Chronic wounds constitute a significant burden to patients, health care professionals and the entire health care system, affecting 5.7 million patients and costing an estimated $20 billion annually. Potential complications associated with chronic wounds further increase the stress and cost of treatment.
Chronic lower extremity wounds are those that have failed to proceed through an orderly and timely process of anatomic and functional integrity in a predictable amount of time. Typically, wounds that don’t heal within three months are considered “chronic.”
With a normal healing process, there are predicable phases through which wounds progress. Chronic wounds stall in one or more of those phases and often remain in the inflammatory stage too long. Overcoming a stalled wound can only be achieved when a number of factors are addressed — lowering the bacterial burden, removing non-viable tissue, balancing the moisture in and around the wound and implementing other treatments to jump start the healing process.
Because of the complexity of each case, the care of chronic wounds has evolved into its own specialty. Specialists now use a variety of advanced treatment techniques, including amniotic membranes, engineered skin substitutes, extracellular matrices, growth factors, hyperbaric oxygen, negative pressure, stem cells and topical oxygen.
If not addressed in a timely manner, chronic wounds can last for a year or longer and, once eventually healed, have a much higher recurrence rate than a wound that went on to heal in a normal manner. Chronic wounds often require surgical removal of devitalized tissues to promote a healthy wound bed. Oral or intravenous antibiotics can be used to control infections.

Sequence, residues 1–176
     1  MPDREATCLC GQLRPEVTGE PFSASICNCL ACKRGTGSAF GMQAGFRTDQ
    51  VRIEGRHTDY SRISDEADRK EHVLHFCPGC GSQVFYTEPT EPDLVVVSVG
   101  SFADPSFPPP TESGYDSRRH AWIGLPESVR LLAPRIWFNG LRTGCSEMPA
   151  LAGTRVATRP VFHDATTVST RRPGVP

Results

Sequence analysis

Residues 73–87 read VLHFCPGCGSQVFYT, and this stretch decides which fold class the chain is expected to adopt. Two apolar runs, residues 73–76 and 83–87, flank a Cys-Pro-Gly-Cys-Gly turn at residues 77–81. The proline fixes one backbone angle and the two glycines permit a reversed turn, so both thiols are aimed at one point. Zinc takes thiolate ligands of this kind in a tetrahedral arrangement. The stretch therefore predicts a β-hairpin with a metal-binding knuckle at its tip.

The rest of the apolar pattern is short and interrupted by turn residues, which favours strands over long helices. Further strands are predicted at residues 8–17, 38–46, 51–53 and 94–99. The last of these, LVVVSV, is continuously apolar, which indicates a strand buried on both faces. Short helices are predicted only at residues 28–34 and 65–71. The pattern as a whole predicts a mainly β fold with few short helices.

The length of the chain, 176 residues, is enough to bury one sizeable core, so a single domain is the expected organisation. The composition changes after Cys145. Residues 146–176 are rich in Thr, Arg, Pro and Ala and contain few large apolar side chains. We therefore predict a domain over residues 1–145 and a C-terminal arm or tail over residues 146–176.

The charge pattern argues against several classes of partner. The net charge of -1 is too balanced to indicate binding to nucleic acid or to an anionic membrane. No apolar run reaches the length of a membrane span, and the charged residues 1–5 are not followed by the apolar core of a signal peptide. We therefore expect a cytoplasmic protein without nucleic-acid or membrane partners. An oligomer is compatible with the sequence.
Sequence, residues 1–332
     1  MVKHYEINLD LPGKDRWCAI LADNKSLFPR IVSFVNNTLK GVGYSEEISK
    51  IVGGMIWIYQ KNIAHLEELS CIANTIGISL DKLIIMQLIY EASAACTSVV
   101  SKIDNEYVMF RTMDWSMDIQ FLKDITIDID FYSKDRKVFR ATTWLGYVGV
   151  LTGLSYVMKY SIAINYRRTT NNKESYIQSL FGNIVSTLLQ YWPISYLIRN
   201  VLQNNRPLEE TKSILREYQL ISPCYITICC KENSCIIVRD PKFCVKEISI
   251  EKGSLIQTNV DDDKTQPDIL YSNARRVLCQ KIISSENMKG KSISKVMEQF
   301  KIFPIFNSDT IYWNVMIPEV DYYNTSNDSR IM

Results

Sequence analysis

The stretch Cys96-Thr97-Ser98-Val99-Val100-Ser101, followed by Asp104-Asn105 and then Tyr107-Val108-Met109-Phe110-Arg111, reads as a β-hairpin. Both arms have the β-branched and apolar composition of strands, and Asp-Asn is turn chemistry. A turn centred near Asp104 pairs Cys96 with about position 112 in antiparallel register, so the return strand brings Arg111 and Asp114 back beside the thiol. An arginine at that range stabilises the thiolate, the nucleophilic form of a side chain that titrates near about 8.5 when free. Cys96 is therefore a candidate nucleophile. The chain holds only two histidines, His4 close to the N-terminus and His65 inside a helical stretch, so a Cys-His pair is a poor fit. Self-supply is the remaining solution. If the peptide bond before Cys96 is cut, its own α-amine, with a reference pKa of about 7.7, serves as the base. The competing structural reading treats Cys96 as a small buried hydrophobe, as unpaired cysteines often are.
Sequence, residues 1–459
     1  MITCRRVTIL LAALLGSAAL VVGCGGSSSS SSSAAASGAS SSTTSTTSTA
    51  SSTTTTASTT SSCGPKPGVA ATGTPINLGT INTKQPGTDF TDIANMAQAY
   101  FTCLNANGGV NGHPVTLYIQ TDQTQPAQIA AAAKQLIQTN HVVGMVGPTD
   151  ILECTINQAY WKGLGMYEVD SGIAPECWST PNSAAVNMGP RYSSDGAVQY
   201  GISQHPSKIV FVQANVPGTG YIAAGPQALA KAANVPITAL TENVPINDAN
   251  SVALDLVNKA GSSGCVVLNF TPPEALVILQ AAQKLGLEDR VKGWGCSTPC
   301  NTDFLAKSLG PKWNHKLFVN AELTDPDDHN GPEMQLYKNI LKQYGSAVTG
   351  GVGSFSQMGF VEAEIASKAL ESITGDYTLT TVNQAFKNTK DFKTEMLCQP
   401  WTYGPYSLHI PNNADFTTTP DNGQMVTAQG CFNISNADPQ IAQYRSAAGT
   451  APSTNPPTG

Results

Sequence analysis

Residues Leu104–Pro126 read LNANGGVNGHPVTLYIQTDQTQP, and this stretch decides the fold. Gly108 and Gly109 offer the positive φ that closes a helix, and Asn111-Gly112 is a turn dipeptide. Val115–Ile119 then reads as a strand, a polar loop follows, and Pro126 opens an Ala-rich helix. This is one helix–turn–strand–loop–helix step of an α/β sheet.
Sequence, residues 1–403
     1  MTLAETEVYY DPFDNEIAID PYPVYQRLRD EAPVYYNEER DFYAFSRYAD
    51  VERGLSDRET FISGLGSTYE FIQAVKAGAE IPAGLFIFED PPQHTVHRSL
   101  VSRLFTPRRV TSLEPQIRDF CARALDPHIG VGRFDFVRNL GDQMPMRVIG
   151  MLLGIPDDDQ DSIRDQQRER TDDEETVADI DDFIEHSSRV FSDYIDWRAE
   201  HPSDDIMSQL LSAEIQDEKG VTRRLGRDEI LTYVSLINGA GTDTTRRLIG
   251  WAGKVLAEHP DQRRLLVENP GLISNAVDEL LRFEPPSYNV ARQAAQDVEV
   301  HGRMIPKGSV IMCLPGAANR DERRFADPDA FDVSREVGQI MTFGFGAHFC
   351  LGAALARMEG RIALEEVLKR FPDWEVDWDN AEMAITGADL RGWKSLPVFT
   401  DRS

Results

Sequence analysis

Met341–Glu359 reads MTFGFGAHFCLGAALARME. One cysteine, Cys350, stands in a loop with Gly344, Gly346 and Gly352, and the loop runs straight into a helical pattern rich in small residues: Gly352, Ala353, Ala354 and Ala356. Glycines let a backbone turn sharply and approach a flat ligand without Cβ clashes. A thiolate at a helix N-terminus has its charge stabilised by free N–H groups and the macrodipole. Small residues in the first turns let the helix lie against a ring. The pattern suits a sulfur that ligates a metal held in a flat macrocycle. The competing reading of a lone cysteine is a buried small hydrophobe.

Individuals with the one or more of the following medical problems or factors are at risk for developing chronic wounds, including the elderly and smokers as well as those with AIDS, anemia, atherosclerosis, cancer, chronic corticosteroid use, diabetes, deep venous thrombosis, heart disease, high blood pressure or cholesterol, malnutrition, neuropathy or nerve damage, obesity, paralysis, peripheral vascular disease, prolonged bed rest, severe burns and varicose veins. The list isn’t exclusive, but offers an understanding of the conditions associated with chronic wounds.
Chronic wounds are often classified based on their causes. Categories include diabetic, neuropathic and pressure ulcers as well as surgical and traumatic wounds. The underlying pathologies must be addressed and stabilized to treat chronic wounds and achieve lasting results.
Chronic lower extremity wounds can lead to amputation of the limb if not addressed properly and in a timely fashion. The five-year survival rates of individuals who have a non-traumatic, below-knee amputations can be as low as 40 percent and even lower if the patient also has kidney disease.
If your wound is healing more slowly than you were told to expect, contact a medical professional. It’s imperative patients receive proper and aggressive treatment for chronic wounds to prevent more complications from arising.
Stabilizing and overcoming the underlying factors that contribute to delayed healing is a part of comprehensive approach to wound care and presents the primary challenges to treating chronic wounds.